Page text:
“If it wasn’t for Hansuld, there would be no Canamax,” said Nuinsco Resources (TSE) President Doug Hume who has worked with Hansuld on the Prospectors and Developers Association of Canada board of directors.

“He provided a lot of ideas for the company and put the details together,” said Walter Sellmer, Canamax’s former vice-president of explorations in western Canada. Direct approach
Known for his direct approach in dealing with both colleagues and exploration, Hansuld has never been one to delegate nor has he much time for the formalities that go along with the business side of mining. A retirement function for director John Sullivan offers a good insight into Hansuld’s style. During a meeting to discuss the progress of a Canamax project, Sullivan apparently informed the gathering that if they didn’t vote to go ahead with the next stage of development, they would be guilty of throwing away the money they had spent already.

Later at the retirement ceremony, Hansuld reminded Sullivan of his words by presenting him with his advice enscribed on a plaque.

The president of one of Canamax’s joint-venture partners says Hansuld can be impatient and difficult to work for if his people stray off track. But when it comes to the business of minerals and mine finding, no one can argue with his record.

After graduating with a BSc from McMaster University, the Port Arthur, Ont., native elected to take a masters degree in geochemistry at the University of British Columbia.
Then, while Hansuld was with Brinco Ltd.’s exploration arm in Newfoundland, he was offered a National Research Council scholarship to study the geochemistry of ore formation at McGill University in Montreal.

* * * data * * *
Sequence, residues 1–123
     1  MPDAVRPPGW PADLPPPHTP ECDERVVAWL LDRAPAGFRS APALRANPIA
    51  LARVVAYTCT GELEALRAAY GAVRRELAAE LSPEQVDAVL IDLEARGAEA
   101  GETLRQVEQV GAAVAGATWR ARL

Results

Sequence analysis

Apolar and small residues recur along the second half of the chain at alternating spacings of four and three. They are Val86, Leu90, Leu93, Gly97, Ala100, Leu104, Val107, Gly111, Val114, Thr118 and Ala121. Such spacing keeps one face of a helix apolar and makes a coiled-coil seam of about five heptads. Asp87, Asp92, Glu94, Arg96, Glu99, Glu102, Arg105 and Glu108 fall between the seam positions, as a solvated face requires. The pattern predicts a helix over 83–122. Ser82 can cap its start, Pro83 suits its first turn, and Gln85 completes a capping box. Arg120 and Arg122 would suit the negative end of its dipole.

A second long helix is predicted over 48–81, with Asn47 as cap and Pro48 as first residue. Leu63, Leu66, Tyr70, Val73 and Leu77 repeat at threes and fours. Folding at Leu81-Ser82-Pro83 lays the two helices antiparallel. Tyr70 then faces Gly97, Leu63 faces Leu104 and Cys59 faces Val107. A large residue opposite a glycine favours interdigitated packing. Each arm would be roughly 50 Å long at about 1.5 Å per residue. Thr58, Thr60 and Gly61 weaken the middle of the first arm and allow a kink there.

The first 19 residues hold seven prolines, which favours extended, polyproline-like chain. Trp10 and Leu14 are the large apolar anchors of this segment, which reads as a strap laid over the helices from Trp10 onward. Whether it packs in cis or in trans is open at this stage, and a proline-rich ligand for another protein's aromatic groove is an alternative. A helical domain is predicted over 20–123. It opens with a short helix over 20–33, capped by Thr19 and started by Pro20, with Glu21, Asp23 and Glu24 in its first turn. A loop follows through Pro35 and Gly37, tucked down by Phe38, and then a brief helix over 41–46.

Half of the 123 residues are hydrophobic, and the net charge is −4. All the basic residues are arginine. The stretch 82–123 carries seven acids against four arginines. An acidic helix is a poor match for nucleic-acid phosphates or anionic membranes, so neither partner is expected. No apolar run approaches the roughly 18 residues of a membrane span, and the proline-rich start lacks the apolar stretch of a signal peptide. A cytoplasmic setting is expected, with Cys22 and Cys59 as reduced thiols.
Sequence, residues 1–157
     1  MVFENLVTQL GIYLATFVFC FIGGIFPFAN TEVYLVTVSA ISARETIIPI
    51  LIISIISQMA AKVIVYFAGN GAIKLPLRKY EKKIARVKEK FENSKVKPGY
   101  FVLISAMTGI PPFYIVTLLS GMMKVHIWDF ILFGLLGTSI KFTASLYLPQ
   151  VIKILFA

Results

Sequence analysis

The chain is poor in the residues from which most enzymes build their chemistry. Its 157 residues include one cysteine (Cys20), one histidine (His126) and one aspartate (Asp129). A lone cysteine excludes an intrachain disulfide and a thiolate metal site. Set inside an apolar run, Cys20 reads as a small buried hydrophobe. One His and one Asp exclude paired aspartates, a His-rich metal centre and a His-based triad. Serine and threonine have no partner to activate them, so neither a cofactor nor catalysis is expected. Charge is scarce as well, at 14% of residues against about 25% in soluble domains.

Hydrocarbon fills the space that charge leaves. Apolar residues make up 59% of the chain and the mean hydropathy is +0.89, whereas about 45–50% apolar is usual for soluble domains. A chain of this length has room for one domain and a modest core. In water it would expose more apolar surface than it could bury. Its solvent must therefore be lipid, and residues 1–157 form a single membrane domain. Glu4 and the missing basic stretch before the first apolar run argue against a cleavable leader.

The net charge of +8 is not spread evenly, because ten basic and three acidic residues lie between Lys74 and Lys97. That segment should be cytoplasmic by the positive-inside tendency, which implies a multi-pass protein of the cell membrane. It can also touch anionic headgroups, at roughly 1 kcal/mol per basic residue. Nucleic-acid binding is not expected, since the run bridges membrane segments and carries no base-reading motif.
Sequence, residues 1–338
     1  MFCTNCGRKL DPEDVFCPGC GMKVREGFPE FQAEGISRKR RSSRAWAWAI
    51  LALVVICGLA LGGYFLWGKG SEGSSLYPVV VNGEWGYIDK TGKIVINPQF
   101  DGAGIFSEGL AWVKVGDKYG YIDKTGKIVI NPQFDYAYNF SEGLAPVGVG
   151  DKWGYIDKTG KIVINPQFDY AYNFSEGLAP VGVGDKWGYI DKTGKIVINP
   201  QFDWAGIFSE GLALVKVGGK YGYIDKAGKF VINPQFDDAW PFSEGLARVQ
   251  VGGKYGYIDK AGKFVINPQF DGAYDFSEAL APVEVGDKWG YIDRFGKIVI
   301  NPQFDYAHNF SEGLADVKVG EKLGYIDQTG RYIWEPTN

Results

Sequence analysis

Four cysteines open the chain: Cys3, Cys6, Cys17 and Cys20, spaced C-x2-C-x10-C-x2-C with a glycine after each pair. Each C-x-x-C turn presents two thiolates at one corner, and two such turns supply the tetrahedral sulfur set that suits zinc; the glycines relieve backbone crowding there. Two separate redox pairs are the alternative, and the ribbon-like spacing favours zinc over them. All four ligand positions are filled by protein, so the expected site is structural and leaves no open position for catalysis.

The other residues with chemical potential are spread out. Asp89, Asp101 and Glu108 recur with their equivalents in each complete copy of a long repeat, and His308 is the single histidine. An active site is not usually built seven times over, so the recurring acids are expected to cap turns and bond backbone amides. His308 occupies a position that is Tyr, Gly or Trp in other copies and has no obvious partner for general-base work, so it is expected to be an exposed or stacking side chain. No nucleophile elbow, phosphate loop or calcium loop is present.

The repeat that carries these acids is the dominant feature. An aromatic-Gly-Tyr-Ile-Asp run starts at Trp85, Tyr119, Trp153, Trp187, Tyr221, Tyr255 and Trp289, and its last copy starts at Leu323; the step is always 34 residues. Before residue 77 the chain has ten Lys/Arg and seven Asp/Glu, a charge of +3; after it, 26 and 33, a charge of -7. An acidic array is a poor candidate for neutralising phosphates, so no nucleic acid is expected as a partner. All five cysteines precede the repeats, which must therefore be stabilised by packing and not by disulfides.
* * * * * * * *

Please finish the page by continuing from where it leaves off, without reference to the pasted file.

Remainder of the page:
With a doctorate in hand he was hired by Amax in 1961 to work as a staff geochemist and later manager of exploration research at the company’s Denver offices. In 1967 he was sent north to Toronto to work as Amax’s regional exploration manager for eastern Canada and by 1978 he was vice-president of Amax Exploration.

Spinoff discussed

A number of Hansuld’s colleagues say the subject of a spinoff exploration company made and based in Canada was a pet project of his which was often discussed during flights into the Yukon and at Amax’s Toronto offices.

But permission wasn’t granted until a metals slump during the early 1980s left Amax, one of the world’s leading molybdenum producers, unable to support its Canadian exploration arm in the style to which it had become accustomed. At that point Hansuld not only had a concept in mind, he thought he had found a way to finance the new spinoff company.